New York City gives me a sensation that I can only explain as the prickly feeling you get when someone is about to tell you something. You’re ready to receive the message, excited because something tells you it will be a good one.
When I arrived early on a Thursday morning, my body had no trouble adjusting to the jet lag. It also didn’t struggle with weaving itself through subways crowds or streets full of pedestrians. The only challenge: the glorious yet tiring heat.
Luckily I had a couple of sightings to keep my mind off getting lost in the muggy streets while hauling my luggage. During a stroll on the High Line with a delicious People’s Pops popsicle in hand (Strawberry Basil), I came upon this piece.
The bold style and signature tipped me off right away: it’s a piece by Eduardo Kobra, a Brazilian street artist. The mural makes its way into your field of vision when you walk the High Line. It’s a rare moment to see street art from higher up than the ground — you can almost envision yourself in the position of the artist himself. Street art, after all, is about height and perspective so seeing it from the ground sometimes doesn’t do the work enough justice.
The patterns on the piece (those tights!) are fantastic and lend a super recognizable aesthetic to Kobra’s work. He’s depicted everyone from Dalí to Einstein is this signature style. It reminds of something between a colorful quilt and an explosion of bright pixels. Covered in these distinct colors, each scene and person seems to take on a different shape.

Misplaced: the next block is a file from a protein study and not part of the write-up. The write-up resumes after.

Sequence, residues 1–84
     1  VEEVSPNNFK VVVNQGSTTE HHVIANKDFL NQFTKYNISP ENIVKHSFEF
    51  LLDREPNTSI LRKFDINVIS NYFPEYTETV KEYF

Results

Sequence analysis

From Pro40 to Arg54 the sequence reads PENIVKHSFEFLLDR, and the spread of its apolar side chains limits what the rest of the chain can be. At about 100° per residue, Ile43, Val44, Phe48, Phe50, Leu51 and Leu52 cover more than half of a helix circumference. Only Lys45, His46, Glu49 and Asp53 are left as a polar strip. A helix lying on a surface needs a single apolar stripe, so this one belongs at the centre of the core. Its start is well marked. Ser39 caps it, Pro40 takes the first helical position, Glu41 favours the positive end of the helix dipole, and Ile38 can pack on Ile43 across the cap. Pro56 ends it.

I continued to my next adventure and my friend pointed out this Roy Lichtenstein piece in the subway station. So while onlookers watched a subway performer I snapped a photo.
The “Times Square Mural” is six feet tall and 53 feet long; amazingly, Lichtenstein completed it three years before his death. It’s got references to all kinds of cultural history, like the 1939 and 1964 world’s fairs. I am a big fan of Lichtenstein’s work but normally see his pieces at galleries or museums. Seeing one of his pieces in a public space gave it a different sort of magic, especially with a crowd standing underneath it. New York City’s past and present seemed to come together and I felt then and there that the city had a rich history I needed to know more about.
Alas, my trip was only a couple of days. But I walked away with the feeling that I would be back again. And I KNOW there is plenty more street and public art to discover.